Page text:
Hollywood's War with Poland, 1939-1945
Publication Year: 2010
Published by: The University Press of Kentucky
Hollywood presented a fundamentally distorted and negative portrayal of Poland and the Poles during the Second World War. An American citizen whose knowledge of the war was derived exclusively from the movies would be unsympathetic if not hostile to Poland and understanding if not supportive of Soviet policies directed against Poland’s ...
Films in the era before television were a significant source of information as well as entertainment, and their influence on popular attitudes, though impossible to quantify, was considerable.1 Let us remember that in the 1939–1945 era Hollywood released five hundred films yearly and that the decade beginning in 1935 saw a phenomenal increase in...
1. The Polish Presence in American Cinema before 1939
Poland, returned to the map at the end of the First World War, mattered little to the United States after 1918. This was true in both political and cultural matters. American films reflected this lack of interest. Indeed, the Polish population in the United States was also largely an unknown community to the American public, who regarded this newly ...
2. Poland in the Second World War
Before we consider what Hollywood said about the Poles during World War II, it would be useful to present a brief outline of the events to which the film industry was reacting. Two themes are particularly noteworthy. The first is that many of the significant aspects of Poland’s...
3. Radical Hollywood and Poland
The FBI traced the comintern’s determination to establish a presence in American films to articles by Willi Münzenberg in the Daily Worker in 1925 that extolled the significance of motion pictures as a means of political propaganda and hence the need for the Communist Party of the United States of America (CPUSA) to control their production.1 The ...
4. The Roosevelt Administration and Film during the War
Poland’s travails had no consequences for American policy, and public opinion continued to oppose active American involvement in the war after the September campaign. By the time the United States entered the war, the major opponent of Nazi Germany was the Soviet Union, and Poland was a weak member of the anti-German coalition. Propitiating ...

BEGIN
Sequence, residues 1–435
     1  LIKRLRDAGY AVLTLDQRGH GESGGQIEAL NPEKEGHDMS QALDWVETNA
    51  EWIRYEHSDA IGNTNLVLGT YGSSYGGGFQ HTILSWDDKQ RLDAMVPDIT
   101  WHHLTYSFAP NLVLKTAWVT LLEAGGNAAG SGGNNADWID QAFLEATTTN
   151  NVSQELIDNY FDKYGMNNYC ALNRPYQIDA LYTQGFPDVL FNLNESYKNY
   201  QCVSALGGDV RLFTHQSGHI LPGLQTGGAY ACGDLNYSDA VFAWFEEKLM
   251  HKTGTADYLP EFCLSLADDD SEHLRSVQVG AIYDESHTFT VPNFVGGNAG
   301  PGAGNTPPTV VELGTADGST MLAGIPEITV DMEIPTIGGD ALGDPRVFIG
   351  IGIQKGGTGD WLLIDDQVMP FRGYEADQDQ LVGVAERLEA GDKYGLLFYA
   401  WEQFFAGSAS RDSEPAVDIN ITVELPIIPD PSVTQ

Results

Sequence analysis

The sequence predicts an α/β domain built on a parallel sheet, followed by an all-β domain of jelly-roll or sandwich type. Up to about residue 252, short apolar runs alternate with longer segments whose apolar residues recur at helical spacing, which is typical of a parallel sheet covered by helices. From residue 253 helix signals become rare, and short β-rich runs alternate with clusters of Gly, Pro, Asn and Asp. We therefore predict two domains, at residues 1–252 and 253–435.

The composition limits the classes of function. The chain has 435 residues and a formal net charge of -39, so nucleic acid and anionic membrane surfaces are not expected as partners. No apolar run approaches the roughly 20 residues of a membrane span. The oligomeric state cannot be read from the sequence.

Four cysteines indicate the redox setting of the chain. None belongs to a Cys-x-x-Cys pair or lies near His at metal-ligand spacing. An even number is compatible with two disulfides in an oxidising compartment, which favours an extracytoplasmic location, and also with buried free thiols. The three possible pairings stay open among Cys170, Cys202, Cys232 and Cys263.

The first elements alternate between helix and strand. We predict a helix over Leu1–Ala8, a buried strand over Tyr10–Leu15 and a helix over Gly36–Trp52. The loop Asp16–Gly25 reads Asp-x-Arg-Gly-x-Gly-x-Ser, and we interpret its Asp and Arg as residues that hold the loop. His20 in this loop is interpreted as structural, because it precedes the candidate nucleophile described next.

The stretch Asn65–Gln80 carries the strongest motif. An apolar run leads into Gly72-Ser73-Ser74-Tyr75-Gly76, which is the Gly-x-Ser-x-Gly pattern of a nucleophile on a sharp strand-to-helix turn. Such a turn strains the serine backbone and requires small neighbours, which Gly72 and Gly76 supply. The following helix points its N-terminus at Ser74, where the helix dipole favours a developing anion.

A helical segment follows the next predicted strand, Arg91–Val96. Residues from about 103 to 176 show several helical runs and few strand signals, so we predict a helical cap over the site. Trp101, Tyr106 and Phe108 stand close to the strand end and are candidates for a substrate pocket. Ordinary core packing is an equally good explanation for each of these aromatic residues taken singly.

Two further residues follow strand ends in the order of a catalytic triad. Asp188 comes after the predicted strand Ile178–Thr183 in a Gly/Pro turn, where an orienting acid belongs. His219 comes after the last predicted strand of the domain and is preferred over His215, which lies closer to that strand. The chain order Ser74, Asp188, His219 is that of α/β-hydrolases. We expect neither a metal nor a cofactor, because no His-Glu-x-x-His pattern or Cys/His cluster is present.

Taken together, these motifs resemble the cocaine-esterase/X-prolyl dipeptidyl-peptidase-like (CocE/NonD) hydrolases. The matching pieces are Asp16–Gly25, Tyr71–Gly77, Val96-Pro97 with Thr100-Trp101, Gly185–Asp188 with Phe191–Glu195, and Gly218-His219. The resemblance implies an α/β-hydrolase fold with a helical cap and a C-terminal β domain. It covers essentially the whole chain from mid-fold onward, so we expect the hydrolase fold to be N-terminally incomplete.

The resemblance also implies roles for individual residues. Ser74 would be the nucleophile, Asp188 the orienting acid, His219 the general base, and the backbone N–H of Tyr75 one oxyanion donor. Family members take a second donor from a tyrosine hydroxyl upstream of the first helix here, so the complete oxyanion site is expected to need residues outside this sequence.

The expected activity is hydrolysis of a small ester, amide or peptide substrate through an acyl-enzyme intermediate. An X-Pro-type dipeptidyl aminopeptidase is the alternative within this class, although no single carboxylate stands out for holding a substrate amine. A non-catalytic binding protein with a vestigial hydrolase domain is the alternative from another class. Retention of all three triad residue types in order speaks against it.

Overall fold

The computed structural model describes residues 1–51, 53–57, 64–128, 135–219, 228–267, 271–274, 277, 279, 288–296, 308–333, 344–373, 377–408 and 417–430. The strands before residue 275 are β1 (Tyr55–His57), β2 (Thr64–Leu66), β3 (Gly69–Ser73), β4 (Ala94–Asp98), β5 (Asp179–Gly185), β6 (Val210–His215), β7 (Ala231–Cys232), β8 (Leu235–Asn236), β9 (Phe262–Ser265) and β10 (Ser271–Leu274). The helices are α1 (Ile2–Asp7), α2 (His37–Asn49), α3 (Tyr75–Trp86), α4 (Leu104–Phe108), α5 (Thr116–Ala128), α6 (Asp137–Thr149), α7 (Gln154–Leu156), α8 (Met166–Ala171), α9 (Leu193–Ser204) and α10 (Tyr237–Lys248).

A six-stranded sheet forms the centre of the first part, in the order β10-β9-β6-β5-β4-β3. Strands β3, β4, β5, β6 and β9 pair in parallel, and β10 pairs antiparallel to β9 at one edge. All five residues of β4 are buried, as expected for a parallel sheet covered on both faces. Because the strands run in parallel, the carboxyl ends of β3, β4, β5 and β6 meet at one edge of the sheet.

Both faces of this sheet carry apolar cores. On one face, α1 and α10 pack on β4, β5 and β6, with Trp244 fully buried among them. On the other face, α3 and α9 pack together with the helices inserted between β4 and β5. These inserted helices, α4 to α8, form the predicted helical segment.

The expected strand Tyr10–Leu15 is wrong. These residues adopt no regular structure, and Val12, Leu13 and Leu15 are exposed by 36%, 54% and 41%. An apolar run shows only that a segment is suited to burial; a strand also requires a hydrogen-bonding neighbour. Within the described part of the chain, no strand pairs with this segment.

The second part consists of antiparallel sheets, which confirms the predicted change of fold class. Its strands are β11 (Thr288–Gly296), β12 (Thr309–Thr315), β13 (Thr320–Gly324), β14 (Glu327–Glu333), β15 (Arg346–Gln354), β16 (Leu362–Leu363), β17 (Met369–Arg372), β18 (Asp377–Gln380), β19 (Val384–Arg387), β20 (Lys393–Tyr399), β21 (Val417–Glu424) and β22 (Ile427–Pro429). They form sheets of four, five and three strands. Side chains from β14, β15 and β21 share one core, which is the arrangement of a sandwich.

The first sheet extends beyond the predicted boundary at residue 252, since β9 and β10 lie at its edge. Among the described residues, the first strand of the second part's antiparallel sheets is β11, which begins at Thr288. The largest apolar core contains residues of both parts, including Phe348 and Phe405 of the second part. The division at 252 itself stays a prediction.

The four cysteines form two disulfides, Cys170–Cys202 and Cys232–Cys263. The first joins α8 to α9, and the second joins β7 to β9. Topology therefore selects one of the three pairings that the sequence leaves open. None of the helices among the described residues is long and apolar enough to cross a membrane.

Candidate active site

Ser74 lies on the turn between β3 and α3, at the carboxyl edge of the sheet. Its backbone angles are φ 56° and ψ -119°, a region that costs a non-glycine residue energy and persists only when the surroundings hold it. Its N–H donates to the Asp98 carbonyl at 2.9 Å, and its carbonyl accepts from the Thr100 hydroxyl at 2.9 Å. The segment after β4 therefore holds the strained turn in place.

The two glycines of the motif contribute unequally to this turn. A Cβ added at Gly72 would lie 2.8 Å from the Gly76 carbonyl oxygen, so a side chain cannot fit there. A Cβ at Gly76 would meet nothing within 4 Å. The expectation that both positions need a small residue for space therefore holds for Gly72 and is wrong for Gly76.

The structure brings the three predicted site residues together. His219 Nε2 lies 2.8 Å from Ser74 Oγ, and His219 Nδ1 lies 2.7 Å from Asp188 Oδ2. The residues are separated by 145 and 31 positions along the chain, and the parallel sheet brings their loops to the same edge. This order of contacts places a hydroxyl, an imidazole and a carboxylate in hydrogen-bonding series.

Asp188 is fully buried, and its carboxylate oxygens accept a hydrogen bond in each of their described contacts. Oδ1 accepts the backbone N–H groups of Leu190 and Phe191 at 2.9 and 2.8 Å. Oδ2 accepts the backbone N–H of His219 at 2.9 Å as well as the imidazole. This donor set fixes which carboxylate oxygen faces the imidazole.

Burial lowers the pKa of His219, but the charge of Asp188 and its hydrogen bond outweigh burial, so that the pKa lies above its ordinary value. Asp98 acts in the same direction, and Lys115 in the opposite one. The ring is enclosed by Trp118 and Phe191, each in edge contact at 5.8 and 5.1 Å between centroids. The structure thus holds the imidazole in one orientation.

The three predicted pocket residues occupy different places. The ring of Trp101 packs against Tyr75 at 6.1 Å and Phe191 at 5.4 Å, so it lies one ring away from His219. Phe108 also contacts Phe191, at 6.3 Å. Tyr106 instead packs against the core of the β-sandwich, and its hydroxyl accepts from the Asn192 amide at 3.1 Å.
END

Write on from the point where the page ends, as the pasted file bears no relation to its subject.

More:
5. Hollywood's Version of the War: The Polish Films
Hollywood had much material to use but created only three films set in Poland. Two of them deal with the last days of peace and the immediate aftermath of the invasion. Only None Shall Escape, made in 1944, focuses on the occupation. Certainly the inattention to Poland reflected the fact that, by the time of American belligerency, the September...
6. Poland: Fleeting, Ambiguous, or Omitted
Beyond the three Films discussed in the previous chapter, cinematic depictions of Poland were a rarity for Hollywood. Poland and the Poles had minor roles on the margins of a few films, reflecting the margins of the American consciousness to which they were relegated. A comprehensive review of the Polish themes in American cinema of the war ...
7. Hollywood and the American Poles during the War
By World War II, Hollywood had a long history of ignoring the Polish population of the United States or presenting them negatively. This, in part, reflected the unenviable position the Poles occupied in American society and consciousness in the decades before the Second World Southern Europe who largely displaced the previous flow of arrivals ...
8. Why Hollywood Was at War with the Poles
How may we explain the inattention and hostility with which Hollywood treated wartime Poland? Hollywood’s version of the war was a combination of the left-wing, pro-Soviet political sympathies of many of its leading figures and the preference of the U.S. government to present a depiction of the war that supported its policy predilections....
Hollywood in World War II displayed a perfect combination for the woeful depiction of Poland. An administration bent on selling Russia found ready allies in a politically left-wing community that tended to regard Poland as a reactionary obstacle to Soviet-American cooperation and the celebration of their ideological convictions. Ceplair and ...
Page Count: 290
Publication Year: 2010
OCLC Number: 753968472
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